The efflux of K+ is an established model that is an important component to the activation of NLRP3 inflammasome, which precedes mitochondrial dysfunctions [20] and proposed to occur upstream of NLRP3 activation, further supporting that K+ efflux takes place prior to NLRP3 activation [11]. The generic NLRP3 activators, ATP and nigericin, modify intracellular components and decrease intracellular K+ concentrations through non-selective K+ conduction out of the cell across the plasma membrane [15] by pores formed on the plasma membrane; such as the P2X7 ATP gated ion channels [19], which lead to a conformational change in NLRP3 inflammasome-forming oligomers [18]. While K+ is important, it is unspecific and not required for NLRP3 inflammasome activation as there are studies that have shown that small molecules; such as imiquimod and CL097 [21], and macrophage models that have the NLRP3 activating mutation (NLRP3R258W) can still activate NLRP3 independent of K+ efflux [11]. There is also evidence that supports the notion that Cl efflux can also lead to the activation of NLRP3; through the use of NSAIDs that inhibit the membrane Cl-channel, VRAC, which suppressed NLRP3 activation, by interfering with NLRP3-NEK7 interactions [16,22,23]. While there is evidence of Na+ influx and Zn2+ inducing NLRP3 activation, they are not conclusive and there is a possibility that Na+ influx is dependent on K+ efflux [16,21]. Ca2+ signalling has also been associated with NLRP3 inflammasome activation. There are propositions to how an increased Ca2+ is integrated with NLRP3 activation, which describe that a rise in extracellular K+ promotes both K+ efflux and an increased cytosolic Ca2+, inferring a link between K+ and Ca2+ ionic balance [18] or that Ca2+ overload due to excessive release from storage in the endoplasmic reticulum leads to mitochondrial dysfunction, which results in the production of ROS [16,21]. However, further studies are required to determine its significance and understand the mechanisms behind Ca2+ signalling in the activation of NLRP3 inflammasome.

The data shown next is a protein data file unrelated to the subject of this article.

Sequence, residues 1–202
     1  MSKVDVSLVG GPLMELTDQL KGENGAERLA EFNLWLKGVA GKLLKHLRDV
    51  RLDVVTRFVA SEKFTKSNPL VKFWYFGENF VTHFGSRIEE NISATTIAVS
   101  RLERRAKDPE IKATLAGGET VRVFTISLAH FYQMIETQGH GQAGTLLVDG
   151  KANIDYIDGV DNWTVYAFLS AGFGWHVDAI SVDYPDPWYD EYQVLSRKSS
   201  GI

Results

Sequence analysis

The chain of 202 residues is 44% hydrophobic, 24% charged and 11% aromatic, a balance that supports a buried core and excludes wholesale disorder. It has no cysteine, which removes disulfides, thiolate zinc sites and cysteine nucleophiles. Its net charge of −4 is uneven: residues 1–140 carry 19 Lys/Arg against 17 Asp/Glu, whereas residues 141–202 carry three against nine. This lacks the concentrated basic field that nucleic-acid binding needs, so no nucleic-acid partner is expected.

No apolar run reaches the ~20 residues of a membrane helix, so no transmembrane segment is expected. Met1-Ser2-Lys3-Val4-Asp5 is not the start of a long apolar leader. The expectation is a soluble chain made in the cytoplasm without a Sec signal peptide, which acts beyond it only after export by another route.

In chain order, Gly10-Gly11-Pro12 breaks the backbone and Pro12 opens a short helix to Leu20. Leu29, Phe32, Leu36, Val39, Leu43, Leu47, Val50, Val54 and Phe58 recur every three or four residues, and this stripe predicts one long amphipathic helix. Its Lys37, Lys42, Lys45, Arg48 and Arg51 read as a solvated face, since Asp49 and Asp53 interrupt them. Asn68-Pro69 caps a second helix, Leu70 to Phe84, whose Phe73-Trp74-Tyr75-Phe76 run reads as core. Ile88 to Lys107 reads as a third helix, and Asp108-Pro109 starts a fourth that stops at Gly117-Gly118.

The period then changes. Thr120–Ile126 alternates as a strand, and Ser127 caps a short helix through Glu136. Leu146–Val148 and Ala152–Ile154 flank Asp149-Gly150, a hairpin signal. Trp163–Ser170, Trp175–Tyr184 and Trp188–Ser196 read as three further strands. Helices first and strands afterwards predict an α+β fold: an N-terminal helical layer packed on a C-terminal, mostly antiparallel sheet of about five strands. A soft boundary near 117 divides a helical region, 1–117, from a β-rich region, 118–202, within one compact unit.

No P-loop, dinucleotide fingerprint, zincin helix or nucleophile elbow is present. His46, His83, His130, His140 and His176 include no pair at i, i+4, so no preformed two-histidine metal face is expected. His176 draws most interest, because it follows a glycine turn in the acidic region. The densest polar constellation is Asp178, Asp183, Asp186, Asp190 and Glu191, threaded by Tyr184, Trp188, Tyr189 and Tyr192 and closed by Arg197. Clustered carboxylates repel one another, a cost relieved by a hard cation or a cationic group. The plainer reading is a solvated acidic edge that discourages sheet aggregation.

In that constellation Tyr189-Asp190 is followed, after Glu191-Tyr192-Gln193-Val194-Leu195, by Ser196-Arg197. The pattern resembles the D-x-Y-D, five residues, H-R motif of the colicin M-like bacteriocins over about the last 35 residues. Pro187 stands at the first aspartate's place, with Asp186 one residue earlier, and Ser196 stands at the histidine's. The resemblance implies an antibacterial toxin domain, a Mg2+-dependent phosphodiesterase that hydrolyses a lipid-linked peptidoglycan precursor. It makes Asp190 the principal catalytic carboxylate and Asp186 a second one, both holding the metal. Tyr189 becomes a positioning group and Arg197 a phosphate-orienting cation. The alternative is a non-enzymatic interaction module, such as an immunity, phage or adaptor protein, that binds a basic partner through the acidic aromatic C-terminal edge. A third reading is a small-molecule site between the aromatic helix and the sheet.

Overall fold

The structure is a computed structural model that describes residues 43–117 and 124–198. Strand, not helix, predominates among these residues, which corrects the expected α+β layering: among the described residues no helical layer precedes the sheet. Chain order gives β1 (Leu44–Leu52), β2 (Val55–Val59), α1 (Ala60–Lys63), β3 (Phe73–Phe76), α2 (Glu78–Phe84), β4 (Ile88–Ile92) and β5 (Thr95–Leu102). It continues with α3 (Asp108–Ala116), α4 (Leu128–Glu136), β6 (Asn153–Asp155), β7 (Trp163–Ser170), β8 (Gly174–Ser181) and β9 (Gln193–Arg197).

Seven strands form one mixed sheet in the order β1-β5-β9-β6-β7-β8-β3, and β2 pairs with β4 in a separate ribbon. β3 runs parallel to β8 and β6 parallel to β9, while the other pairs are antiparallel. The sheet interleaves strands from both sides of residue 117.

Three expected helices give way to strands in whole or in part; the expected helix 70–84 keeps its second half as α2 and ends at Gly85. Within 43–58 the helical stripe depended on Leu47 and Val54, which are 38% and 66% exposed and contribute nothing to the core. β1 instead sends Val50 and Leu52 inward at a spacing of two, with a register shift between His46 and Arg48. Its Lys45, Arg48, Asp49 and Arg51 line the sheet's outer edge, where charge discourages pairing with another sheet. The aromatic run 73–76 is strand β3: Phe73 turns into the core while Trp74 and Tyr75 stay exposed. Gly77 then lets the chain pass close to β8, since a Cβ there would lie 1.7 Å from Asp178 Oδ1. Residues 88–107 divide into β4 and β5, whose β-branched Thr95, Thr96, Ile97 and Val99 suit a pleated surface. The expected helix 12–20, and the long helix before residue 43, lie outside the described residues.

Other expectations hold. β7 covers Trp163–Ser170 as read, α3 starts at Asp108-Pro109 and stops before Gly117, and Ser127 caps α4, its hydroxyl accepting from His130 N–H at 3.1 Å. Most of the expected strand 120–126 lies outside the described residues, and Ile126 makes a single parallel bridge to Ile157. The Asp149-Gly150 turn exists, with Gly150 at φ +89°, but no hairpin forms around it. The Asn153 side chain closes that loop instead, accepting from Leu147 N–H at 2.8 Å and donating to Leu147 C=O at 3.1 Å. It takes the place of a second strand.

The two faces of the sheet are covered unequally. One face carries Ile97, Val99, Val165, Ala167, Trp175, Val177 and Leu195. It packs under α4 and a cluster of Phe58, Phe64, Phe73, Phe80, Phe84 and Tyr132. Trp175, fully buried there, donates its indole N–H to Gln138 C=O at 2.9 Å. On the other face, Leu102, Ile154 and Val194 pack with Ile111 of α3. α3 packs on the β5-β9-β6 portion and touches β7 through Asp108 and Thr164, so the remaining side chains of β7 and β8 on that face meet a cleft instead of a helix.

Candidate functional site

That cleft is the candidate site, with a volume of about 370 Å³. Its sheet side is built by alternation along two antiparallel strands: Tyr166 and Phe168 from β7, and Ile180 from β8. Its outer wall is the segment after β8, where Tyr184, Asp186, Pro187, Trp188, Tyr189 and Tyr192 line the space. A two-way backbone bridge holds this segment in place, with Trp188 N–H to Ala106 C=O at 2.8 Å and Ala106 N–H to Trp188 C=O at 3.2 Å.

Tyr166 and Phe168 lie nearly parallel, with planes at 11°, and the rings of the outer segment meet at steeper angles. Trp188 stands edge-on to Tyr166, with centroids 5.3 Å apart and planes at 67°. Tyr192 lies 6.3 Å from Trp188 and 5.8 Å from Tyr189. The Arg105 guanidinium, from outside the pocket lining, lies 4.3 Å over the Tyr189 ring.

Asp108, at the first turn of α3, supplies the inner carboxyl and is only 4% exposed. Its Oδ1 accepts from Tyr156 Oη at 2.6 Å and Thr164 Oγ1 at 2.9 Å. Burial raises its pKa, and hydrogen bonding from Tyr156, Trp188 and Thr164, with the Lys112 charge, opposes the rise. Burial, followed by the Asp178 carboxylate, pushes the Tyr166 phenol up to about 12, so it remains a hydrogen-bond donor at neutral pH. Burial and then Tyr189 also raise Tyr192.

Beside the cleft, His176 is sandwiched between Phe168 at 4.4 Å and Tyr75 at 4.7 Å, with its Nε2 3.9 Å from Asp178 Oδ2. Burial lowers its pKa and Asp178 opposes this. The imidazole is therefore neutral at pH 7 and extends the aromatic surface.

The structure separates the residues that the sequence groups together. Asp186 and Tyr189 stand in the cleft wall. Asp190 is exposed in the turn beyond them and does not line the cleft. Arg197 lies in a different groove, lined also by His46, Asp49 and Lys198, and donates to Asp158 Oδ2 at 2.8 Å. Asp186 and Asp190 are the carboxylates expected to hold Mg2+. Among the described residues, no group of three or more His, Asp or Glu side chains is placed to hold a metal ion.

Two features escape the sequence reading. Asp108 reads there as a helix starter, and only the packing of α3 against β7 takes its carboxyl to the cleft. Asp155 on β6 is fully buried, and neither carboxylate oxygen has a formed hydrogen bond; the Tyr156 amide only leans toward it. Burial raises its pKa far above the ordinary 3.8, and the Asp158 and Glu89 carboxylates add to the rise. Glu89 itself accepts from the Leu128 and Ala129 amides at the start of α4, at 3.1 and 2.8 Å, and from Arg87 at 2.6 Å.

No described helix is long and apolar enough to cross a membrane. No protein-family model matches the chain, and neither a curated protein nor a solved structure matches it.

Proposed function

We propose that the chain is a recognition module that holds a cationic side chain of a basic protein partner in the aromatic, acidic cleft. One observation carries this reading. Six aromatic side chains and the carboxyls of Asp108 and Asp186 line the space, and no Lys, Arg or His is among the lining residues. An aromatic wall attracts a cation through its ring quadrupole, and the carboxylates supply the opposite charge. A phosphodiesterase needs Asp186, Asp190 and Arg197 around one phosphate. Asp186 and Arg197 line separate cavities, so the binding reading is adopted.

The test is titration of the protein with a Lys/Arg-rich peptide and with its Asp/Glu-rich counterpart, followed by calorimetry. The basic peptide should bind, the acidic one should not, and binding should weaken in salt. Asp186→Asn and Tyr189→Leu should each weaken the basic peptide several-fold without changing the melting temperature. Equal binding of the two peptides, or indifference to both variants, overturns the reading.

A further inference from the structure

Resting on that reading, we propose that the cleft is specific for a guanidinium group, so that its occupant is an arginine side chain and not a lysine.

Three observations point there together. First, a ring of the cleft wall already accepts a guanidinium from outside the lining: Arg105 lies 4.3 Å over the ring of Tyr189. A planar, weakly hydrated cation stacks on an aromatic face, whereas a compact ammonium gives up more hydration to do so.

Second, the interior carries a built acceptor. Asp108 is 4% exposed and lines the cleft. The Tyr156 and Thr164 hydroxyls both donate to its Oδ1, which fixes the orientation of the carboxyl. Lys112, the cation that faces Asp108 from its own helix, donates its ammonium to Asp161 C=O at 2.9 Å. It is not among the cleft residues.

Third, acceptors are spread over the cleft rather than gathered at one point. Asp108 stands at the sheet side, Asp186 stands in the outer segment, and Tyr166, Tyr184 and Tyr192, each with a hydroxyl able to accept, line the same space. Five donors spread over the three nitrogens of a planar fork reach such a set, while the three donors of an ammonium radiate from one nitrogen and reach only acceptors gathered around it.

2.1.2. Mitochondrial Dysfunction and ROS Production